[an error occurred while processing this directive]
BBC News
watch One-Minute World News
Languages
Last Updated: Tuesday, 31 July 2007, 17:23 GMT 18:23 UK
Rescue dogs aid Italy beachgoers
Newfoundland rescue dog
The dogs need years of training before they may rescue swimmers
Scores of specially trained dogs have been deployed as lifeguards on Italy's busiest beaches this summer.

The dogs, mostly of the Newfoundland or Labrador breeds, are trained to jump out of helicopters and boats and swim to the rescue of struggling swimmers.

They are credited with having saved several lives by taking lifebuoys to swimmers and towing them to safety.

Tales of the Newfoundland's legendary aquatic ability prompted Italian officials to train them as lifeguards.

"We always knew that these dogs could be used to fish, rescue people," Ferrucio Pilenga, president of the Italian Dog Rescue School, told the BBC News website.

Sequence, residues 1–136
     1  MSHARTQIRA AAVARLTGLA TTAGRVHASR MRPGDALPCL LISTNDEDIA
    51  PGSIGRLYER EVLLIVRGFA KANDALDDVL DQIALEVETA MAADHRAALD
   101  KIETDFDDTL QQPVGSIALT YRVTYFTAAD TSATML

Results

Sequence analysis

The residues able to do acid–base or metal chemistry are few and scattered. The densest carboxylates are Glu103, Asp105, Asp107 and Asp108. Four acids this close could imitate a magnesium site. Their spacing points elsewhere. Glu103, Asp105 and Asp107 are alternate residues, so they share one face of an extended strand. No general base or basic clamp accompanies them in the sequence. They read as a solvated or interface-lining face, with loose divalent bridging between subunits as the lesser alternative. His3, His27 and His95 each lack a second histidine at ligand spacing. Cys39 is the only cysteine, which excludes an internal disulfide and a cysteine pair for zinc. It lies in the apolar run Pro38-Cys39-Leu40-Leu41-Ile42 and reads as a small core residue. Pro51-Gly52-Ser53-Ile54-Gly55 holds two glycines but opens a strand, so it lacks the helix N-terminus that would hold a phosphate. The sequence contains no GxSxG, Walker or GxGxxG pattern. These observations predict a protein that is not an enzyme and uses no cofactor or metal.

"We began to try what these people did," he says. "The dogs helped us modify and improve our methods."

"It was a great satisfaction to see that these myths were true," he says.

The dogs are trained at 10 schools around Italy.

Roberto Gasbarri, a president of the Tyrrhenian Dog Rescue said it takes "about three years to train a dog completely".

"A good relationship with the handler is fundamental, especially in the water," he told Italy's Ansa news agency.


RELATED INTERNET LINKS
The BBC is not responsible for the content of external internet sites



FEATURES, VIEWS, ANALYSIS
Has China's housing bubble burst?
How the world's oldest clove tree defied an empire
Why Royal Ballet principal Sergei Polunin quit

PRODUCTS & SERVICES

Americas Africa Europe Middle East South Asia Asia Pacific